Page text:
As Rod Stewart sang ages ago, “Every picture tells a story, don’t it?” And two pictures can tell a hell of a story…as you’ll see below.
Here is Santa Monica’s treatment of Ocean Park Boulevard, which they call a “Complete Green Street”:
And here’s a new bike lane on LA’s Jefferson Boulevard near Baldwin Hills:
But the photos don’t tell the whole story, for while the bike lane in LA looks a bit forlorn in comparison to its glamorous and affable Westside cousin, it’s a bit more diligent a piece of infrastructure than you might suspect at first glance. In fact, it surprised me, for, as I rode along it, the road changed jurisdiction, crossing the border into Culver City—and so did the bike lane, seamlessly!
It encompasses the area where Christine Dahab crashed into a group of night riding cyclists who were waiting in the parking lane for some friends to come down from the Baldwin Hills Scenic Overlook, and where pedestrians crossing from their parked cars have had too many close calls.
I suspect that this lane was promoted by Culver City, as almost every reference I could find to it online is from that little town, and mentions “the cooperation of the City of Los Angeles.”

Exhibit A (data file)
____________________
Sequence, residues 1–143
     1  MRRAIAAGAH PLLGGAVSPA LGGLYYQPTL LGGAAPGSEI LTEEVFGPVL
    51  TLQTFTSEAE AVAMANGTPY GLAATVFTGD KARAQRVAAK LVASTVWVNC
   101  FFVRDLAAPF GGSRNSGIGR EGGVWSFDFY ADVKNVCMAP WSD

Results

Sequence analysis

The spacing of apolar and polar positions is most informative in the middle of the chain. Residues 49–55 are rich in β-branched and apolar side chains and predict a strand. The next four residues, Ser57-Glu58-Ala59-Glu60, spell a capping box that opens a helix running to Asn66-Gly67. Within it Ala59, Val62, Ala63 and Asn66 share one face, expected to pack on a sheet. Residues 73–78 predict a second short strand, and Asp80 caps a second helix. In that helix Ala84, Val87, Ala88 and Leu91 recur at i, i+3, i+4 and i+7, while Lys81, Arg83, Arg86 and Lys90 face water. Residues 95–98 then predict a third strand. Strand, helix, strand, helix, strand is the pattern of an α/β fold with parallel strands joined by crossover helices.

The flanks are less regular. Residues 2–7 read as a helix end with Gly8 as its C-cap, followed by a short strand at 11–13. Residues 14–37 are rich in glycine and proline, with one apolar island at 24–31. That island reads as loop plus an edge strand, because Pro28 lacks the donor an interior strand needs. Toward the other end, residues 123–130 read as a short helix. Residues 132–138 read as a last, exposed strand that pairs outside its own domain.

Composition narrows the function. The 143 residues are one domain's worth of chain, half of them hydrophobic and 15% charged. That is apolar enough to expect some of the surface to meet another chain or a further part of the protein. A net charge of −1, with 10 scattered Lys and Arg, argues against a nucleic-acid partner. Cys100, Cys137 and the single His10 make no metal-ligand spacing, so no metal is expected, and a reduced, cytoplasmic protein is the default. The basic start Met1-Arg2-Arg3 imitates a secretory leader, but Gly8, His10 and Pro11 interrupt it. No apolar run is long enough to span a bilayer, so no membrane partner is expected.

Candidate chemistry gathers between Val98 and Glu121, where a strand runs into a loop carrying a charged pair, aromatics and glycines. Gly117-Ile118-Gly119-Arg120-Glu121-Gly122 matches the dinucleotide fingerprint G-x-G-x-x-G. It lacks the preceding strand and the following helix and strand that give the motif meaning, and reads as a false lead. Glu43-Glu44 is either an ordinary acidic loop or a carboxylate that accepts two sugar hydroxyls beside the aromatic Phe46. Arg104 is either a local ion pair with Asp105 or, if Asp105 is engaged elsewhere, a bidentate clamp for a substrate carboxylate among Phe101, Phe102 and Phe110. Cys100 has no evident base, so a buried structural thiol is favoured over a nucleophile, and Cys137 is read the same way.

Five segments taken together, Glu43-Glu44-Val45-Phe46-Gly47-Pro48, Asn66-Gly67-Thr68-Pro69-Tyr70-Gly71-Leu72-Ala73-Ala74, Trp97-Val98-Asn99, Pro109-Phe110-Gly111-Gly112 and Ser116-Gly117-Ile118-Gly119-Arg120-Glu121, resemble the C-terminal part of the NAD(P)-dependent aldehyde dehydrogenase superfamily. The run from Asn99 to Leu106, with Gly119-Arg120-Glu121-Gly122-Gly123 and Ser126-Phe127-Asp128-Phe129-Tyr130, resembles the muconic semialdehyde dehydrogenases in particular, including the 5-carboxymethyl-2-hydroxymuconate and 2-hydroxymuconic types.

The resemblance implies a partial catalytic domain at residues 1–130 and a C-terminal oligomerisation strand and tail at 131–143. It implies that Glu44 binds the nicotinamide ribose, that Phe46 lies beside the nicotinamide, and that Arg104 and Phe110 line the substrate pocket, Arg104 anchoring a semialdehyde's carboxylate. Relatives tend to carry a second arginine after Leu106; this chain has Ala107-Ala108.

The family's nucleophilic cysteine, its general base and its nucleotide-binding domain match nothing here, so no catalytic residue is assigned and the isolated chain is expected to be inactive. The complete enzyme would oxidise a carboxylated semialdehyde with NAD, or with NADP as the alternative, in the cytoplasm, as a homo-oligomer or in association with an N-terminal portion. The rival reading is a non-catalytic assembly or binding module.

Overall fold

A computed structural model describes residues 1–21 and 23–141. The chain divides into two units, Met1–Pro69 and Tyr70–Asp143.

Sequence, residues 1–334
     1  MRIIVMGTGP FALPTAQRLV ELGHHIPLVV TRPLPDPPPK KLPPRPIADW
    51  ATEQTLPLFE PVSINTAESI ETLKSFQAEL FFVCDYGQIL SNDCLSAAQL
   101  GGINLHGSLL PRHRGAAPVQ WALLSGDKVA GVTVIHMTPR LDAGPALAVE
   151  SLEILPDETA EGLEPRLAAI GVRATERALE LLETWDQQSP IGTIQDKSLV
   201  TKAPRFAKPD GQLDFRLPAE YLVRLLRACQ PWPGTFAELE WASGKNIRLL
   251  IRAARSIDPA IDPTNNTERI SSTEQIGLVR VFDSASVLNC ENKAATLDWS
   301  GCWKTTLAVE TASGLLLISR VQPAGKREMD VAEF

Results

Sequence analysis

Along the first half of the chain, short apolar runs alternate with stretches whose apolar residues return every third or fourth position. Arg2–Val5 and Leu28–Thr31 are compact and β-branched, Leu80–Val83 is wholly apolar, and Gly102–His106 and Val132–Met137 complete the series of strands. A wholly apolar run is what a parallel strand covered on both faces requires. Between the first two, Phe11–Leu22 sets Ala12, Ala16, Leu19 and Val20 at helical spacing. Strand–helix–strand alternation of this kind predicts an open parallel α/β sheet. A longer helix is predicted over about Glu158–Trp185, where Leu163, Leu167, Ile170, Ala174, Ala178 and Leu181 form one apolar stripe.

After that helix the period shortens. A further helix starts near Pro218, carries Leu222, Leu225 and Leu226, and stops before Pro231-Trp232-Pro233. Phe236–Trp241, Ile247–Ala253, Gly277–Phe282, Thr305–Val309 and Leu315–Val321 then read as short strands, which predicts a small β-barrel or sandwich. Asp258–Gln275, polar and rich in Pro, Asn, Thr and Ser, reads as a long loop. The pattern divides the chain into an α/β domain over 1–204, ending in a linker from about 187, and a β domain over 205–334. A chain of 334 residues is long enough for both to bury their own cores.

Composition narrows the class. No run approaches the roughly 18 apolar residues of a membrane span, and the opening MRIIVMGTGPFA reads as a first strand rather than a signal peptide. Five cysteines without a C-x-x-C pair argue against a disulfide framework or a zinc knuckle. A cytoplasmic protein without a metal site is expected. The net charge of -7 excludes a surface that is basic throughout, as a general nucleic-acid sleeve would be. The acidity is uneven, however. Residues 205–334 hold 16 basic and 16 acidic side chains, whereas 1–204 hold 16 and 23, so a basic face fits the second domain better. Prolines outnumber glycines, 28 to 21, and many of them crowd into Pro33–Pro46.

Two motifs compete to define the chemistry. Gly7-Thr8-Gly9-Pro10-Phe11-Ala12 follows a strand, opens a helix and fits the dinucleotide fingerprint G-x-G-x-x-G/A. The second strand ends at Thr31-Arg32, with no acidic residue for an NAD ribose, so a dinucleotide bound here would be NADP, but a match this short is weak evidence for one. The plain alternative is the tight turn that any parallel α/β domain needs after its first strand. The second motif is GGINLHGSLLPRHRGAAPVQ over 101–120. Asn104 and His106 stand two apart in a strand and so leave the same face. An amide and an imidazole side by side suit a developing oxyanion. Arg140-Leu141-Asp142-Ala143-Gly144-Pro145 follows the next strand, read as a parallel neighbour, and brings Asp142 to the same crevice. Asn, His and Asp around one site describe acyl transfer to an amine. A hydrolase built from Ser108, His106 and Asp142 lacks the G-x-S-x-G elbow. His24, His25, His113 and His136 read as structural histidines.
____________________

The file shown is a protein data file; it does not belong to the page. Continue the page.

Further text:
That’s right, flying in the face of a grand old Los Angeles County tradition, the “disappearing bike lane.” In fact, all sorts of strange things happen at our city’s borders.
After all, I regularly ride down a street that is divided between Los Angeles and Beverly Hills along its centerline, and of which one side is smoothly paved while on the opposing side traffic lurches over post-apocalyptic cracks, ruts, and potholes.
And here in NE Los Angeles, we have the York Avenue bike lanes stopping at Figueroa, with a gap of at least half a mile before South Pasadena’s bike lane starts at the continuation of York (under a different name) just beyond the bridge.
But…it looks as though Los Angeles and Beverly Hills may (however grudgingly) cooperate on the bike lanes proposed for Burton Way, another street which is longitudinally bisected by the line between those two cities. And in the same area, Los Angeles and West Hollywood appear to be coordinating the bike lanes on San Vicente, which plunges from one town to the other at Beverly Boulevard. (However…WeHo’s lanes are done, and I haven’t noticed any new paint on the asphalt in LA’s portion yet. They’re in the bike plan; they’re just not on the ground yet.)
My own opinion is that interjurisdictional projects ought to get priority, so that we don’t end up with yet more disconnected scattershot not-quite-networks in our region. After all, people move seamlessly between cities here, and so should infrastructure, including bike infrastructure.
But in any case, it’s starting to happen. LA County’s towns are finally learning to “play well with others,” it seems.
I guess there’s hope!